There are usually 4 ways to pay for a PhD in my experience in the US:
- Out of pocket with your own money or with loans
- Get a fellowship or scholarship
- Be a Teaching Assistant
- Be a Graduate Research Assistant
None of these are necessarily mutually exclusive. TA and GRAships usually come with a whole or partial tuition waiver or payment of tuition. Fellowships and scholarships may come from the university, another government entity (e.g. the US National Science Foundation or Department of Energy), or a private source.
In my estimation, a GRA or fully-funded private fellowship is the best way to pay for graduate school for those whose focus is research because there are no teaching or grading responsibilities to take time away from working on your research. If you intend to go on to a professorship, starting with a TA for the first few semesters or years may help you learn something about teaching, but I wouldn't have wanted the TA responsibilities during the time I was writing up my dissertation.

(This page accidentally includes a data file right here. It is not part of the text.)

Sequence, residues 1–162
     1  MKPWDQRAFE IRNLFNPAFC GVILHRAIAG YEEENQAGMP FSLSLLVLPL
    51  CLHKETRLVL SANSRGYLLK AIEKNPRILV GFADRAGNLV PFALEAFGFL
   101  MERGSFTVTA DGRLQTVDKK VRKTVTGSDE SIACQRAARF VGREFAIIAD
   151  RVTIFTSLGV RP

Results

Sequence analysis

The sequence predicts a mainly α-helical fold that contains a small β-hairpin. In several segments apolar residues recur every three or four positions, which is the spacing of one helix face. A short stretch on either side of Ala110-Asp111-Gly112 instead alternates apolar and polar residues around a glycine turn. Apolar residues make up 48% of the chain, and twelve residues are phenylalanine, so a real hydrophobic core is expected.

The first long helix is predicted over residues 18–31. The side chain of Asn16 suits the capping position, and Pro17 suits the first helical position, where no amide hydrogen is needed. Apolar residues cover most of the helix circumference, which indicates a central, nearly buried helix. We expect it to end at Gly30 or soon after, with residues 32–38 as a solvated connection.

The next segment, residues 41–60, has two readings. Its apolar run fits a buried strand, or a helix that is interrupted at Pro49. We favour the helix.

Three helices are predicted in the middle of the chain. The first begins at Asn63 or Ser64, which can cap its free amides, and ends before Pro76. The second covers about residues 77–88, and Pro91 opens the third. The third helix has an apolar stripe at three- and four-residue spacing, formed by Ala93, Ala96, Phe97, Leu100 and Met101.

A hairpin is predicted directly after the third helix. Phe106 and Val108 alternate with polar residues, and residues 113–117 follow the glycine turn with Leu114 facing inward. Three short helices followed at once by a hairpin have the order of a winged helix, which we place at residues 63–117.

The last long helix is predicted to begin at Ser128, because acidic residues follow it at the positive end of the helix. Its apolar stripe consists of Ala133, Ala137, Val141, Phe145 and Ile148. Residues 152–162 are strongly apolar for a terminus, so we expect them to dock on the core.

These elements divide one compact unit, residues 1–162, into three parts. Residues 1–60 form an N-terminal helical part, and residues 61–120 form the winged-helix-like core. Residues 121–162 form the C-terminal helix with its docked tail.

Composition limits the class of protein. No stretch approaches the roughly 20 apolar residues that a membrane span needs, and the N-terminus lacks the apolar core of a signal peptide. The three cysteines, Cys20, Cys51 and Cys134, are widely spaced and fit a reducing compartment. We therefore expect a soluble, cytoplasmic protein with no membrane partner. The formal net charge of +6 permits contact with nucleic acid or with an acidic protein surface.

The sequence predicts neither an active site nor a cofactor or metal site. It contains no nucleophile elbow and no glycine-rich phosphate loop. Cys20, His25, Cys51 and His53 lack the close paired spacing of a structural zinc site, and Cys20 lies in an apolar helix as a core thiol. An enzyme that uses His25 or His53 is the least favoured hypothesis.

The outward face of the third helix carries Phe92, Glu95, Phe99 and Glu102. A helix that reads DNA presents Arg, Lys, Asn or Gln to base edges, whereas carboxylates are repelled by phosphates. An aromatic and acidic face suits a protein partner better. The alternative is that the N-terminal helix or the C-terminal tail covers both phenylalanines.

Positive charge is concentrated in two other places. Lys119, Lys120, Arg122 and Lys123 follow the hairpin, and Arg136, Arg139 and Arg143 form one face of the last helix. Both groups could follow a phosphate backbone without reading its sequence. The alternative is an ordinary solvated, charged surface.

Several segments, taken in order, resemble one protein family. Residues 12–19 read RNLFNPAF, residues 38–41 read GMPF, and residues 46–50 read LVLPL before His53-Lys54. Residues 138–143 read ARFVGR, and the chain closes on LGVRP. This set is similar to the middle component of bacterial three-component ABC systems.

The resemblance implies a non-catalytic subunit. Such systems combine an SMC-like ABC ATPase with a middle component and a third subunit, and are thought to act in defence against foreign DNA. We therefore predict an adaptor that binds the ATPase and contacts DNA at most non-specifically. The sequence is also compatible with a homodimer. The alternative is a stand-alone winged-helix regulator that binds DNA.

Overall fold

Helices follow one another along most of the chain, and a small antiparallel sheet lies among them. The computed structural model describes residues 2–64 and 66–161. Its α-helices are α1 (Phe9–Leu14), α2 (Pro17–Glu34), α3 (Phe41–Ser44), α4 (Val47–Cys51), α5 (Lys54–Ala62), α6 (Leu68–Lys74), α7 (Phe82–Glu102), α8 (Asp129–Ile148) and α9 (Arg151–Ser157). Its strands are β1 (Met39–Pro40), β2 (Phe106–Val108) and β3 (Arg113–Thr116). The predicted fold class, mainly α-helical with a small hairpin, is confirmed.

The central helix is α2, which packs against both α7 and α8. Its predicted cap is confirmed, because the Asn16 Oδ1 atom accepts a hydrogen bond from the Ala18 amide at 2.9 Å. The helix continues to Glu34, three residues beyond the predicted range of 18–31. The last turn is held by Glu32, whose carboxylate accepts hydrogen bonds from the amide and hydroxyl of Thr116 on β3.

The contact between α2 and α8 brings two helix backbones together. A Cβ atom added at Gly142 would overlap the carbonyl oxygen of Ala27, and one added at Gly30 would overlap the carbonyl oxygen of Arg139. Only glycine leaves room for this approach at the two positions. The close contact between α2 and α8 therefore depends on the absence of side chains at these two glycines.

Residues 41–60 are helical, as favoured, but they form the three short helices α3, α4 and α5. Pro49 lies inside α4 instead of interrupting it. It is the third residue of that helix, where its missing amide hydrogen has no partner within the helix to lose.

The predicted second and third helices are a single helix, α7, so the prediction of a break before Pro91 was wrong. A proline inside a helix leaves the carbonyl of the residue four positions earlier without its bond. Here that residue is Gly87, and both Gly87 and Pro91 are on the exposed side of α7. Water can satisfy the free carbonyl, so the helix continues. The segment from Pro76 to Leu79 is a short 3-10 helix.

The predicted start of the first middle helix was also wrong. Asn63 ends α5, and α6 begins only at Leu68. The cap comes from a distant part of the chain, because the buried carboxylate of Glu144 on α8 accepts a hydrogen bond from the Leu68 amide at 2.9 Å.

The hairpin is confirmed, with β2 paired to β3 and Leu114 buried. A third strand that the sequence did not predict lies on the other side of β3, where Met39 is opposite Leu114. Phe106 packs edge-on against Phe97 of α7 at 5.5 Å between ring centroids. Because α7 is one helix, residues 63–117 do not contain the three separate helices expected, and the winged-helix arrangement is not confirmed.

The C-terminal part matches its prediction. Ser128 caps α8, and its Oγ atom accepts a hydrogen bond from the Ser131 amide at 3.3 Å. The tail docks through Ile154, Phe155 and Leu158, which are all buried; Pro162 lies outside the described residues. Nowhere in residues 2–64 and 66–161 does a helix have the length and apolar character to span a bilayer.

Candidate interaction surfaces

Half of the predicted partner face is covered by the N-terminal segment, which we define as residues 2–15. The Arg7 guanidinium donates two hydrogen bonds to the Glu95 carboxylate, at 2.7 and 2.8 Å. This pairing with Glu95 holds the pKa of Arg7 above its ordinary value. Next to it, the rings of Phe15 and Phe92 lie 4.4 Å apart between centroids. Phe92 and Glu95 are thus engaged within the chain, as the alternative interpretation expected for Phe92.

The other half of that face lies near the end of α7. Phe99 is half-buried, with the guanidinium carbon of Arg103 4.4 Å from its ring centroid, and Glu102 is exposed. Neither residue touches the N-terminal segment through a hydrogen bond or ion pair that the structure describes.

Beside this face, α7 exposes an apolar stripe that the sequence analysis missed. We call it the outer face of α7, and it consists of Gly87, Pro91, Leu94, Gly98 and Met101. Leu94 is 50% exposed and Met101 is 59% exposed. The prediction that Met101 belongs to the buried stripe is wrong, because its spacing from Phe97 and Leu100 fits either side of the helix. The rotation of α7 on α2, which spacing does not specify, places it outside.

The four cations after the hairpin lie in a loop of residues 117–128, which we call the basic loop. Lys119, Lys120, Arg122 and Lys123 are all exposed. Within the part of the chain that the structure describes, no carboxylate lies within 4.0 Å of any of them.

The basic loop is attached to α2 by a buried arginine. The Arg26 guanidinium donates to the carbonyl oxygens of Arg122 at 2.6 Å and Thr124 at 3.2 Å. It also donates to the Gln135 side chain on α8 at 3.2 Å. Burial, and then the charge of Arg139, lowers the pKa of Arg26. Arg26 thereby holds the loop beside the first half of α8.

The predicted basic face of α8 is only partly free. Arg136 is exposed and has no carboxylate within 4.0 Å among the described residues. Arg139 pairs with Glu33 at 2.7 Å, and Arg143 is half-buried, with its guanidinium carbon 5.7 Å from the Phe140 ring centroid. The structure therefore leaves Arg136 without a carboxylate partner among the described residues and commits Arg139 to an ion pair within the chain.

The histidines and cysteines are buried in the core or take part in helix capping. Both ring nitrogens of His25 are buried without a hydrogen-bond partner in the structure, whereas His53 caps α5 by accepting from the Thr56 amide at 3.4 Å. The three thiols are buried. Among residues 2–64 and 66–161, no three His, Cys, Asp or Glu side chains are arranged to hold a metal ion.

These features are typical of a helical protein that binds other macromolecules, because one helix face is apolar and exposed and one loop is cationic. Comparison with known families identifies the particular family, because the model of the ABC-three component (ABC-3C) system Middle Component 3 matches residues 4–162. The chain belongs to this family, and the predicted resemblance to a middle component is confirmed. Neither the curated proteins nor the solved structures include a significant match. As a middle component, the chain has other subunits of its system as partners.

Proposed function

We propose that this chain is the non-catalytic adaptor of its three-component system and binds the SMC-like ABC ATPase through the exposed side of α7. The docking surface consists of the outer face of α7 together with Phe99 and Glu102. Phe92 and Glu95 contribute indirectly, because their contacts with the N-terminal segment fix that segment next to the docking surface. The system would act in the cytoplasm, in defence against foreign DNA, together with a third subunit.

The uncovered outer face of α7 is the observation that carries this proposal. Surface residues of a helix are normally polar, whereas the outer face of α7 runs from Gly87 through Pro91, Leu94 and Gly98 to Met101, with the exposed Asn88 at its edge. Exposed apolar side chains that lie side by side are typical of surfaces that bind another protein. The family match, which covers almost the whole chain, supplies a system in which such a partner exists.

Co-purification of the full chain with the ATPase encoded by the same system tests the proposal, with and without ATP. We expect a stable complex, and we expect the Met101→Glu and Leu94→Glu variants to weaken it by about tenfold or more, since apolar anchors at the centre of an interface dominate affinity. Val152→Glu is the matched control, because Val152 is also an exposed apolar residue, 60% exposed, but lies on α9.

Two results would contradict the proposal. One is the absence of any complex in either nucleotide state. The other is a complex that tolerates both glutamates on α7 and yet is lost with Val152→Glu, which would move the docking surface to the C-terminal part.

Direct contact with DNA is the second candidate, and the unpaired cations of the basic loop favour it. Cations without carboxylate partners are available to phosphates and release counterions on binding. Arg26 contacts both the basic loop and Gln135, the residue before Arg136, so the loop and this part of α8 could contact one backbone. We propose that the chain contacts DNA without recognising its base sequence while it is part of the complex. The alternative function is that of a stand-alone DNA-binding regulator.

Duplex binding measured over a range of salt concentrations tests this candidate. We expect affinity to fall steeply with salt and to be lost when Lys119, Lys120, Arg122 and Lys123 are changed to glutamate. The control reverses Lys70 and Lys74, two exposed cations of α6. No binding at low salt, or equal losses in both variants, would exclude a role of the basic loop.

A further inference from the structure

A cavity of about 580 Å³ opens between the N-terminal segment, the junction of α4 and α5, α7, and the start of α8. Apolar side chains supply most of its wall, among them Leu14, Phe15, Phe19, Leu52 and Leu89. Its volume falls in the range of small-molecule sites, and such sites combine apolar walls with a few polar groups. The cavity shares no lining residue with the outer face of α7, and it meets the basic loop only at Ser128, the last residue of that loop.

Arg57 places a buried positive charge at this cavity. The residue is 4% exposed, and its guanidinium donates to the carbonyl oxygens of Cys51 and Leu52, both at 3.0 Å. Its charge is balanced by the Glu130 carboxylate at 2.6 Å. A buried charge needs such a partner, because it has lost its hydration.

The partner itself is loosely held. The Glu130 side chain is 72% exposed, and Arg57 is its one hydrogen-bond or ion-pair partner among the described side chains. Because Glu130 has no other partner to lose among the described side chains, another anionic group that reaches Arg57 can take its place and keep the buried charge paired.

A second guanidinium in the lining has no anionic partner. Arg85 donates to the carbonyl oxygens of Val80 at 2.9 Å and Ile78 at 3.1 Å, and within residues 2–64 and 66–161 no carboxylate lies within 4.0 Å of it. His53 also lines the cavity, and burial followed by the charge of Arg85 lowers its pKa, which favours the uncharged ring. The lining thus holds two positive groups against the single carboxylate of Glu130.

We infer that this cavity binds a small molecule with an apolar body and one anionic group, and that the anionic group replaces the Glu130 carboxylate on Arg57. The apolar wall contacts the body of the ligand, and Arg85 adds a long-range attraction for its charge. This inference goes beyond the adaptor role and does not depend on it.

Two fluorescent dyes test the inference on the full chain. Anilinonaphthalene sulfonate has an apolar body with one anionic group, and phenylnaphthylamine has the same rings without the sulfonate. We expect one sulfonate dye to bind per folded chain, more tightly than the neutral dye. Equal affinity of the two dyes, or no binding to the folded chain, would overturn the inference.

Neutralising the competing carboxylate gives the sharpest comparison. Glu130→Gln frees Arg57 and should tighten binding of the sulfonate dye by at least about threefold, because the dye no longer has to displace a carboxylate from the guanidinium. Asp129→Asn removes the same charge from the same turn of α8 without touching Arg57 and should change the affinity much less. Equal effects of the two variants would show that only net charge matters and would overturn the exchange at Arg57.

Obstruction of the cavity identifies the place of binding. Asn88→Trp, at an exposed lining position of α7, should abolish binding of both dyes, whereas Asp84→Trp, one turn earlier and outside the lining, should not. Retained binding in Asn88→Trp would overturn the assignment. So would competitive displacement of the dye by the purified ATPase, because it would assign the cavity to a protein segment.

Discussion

Myself, I had a GRA with my full tuition paid plus a small privately endowed fellowship administered by my university which supplemented my income. Also, at the time, having a GRA position gave me health insurance. TA and GRA jobs are usually limited to 20 hours a week during the long semesters in the US since you are likely to be in classes at the same time. My advisor frequently upped me to 40 hours per week during the summer and winter breaks to supplement my income further.
Paying your own way, whether with fellowships, loans, or your own personal savings means that you aren't being paid by the advisor. A GRA position may be required to focus on a particular research project that funds the existence of the position. If the money comes from their start-up package or a private source, then you may be given much more freedom in your choice of research work, but either way, the GRA position is a job that allows the advisor to direct your work much more than if you fund yourself.